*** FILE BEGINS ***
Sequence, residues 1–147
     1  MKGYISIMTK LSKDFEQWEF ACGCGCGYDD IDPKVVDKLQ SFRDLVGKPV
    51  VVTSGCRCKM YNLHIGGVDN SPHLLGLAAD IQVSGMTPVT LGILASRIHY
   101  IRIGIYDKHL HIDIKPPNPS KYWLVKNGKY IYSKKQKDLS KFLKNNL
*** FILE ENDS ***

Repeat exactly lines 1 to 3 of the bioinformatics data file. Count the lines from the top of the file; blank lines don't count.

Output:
Sequence, residues 1–147
     1  MKGYISIMTK LSKDFEQWEF ACGCGCGYDD IDPKVVDKLQ SFRDLVGKPV
    51  VVTSGCRCKM YNLHIGGVDN SPHLLGLAAD IQVSGMTPVT LGILASRIHY